A new study highlights how dreams — especially those that include feelings of anger — influence waking anxiety in individuals with OCD.
Research suggests that anxiety and stress drive the majority of compulsions in OCD, and individuals with the disorder participate in ritualistic behaviors in an effort to alleviate the angst of obsessive thoughts, visions, or emotions.
Anger, shame, and magical thinking can also trigger stressful emotions that drive compulsive behaviors.
Researchers at Hong Kong Shue Yan University recently conducted a study that explored how dream experiences affected waking behaviors and symptoms in a sample of 594 individuals with OCD.
“The overall ﬁndings substantiate the notion that individuals with high obsessive-compulsive distress tend to dream certain themes more frequently,” said Calvin Kai-Ching Yu, Ph.D., of the Department of Counseling and Psychology.
In fact, the researchers found that individuals who experienced dreams with strong emotional messages — those that were charged with feelings of guilt, shame, and anger — had increased waking compulsive behavior.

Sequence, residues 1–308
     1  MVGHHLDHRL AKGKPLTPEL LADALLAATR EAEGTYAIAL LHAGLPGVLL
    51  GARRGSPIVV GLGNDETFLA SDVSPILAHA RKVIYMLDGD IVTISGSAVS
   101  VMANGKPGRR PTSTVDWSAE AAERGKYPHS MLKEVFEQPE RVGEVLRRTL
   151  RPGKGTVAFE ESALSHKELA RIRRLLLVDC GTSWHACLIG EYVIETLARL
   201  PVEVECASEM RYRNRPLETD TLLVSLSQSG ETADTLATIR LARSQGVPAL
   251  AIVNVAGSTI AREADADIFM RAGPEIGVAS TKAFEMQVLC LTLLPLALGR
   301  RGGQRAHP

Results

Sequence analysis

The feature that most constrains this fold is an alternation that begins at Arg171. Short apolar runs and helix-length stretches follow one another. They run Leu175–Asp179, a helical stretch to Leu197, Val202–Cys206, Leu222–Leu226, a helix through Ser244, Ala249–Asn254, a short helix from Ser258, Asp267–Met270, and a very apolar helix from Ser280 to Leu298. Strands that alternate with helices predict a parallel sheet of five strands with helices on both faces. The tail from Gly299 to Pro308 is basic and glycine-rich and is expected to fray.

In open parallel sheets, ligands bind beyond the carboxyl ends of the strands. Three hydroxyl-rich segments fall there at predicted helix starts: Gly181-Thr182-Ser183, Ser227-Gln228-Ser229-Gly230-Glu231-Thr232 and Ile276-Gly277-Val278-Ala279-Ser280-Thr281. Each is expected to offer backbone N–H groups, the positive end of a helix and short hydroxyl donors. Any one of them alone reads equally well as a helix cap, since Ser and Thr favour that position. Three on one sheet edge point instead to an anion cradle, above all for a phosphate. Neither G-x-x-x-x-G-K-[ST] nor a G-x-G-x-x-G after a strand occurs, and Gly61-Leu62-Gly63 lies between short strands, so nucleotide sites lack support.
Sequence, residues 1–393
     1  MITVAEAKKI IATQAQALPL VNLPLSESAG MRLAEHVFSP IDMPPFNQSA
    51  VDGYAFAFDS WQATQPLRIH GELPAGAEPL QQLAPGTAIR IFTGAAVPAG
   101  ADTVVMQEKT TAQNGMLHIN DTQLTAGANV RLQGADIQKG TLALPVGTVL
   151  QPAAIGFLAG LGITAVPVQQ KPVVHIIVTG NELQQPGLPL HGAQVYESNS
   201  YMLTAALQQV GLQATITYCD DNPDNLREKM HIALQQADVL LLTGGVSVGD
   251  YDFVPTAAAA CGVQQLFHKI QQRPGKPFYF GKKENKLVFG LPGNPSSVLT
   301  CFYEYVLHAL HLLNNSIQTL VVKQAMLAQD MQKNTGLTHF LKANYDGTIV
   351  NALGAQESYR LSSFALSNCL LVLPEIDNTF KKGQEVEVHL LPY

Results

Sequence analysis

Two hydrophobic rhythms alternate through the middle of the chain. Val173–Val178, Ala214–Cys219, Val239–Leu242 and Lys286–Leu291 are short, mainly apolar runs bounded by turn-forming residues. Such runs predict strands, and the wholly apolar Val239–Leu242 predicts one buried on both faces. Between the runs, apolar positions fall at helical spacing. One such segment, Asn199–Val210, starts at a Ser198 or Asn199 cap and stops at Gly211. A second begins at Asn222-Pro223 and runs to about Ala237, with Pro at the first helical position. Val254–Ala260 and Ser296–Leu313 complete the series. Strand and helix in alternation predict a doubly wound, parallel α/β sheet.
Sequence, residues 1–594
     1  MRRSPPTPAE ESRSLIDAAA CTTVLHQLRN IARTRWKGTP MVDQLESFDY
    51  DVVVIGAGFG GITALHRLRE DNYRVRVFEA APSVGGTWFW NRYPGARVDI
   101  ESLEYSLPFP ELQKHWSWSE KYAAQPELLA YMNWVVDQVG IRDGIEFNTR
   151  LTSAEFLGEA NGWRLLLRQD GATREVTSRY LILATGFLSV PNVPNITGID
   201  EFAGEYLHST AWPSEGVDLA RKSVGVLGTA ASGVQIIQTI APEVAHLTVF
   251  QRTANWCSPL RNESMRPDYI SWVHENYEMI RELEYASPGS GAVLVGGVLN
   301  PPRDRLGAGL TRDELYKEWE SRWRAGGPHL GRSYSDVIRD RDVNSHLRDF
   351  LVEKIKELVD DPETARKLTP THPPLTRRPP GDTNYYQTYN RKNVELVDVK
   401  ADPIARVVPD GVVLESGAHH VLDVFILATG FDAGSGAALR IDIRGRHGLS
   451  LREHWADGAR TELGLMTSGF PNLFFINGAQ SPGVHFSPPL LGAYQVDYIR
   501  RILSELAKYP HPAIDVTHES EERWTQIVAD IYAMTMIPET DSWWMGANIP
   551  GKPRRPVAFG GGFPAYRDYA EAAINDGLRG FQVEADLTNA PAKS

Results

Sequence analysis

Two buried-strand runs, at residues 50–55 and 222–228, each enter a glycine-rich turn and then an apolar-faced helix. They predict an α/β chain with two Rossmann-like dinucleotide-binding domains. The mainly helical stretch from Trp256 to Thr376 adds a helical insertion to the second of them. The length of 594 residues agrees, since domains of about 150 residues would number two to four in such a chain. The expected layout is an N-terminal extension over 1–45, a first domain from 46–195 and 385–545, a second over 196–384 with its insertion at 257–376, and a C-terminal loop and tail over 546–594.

Furthermore, magical thinking — thinking that one had super powers or could control other people or things — also elevated OCD symptoms.
Yu believes that dreams filled with malevolent content can prompt individuals to try to purify themselves during waking hours. Those who feel especially guilty, angry, or shameful may become obsessed with finding ways to remove their negative feelings while they are awake.
The conscious level of anxiety experienced during the day, caused by obsessive magical thoughts and negative dreams, can lead to more compulsions.
Yu theorizes that most of these obsessions are first developed in childhood, when imagination is strongest. As people with OCD get older, they are unable to distinguish between magical thinking and reality.
Feelings of paranoia and other heightened states of anxiety resulting from magical thoughts and intense dreams consume these individuals during their waking hours, making the sole mission of their lives to achieve a state of harmony, absent of anxiety, guilt, anger, or fear.
Yu would like these findings to draw more attention to the way that dreams — especially those of anger — affect anxiety in individuals with OCD.
Source: Hong Kong Shue Yan University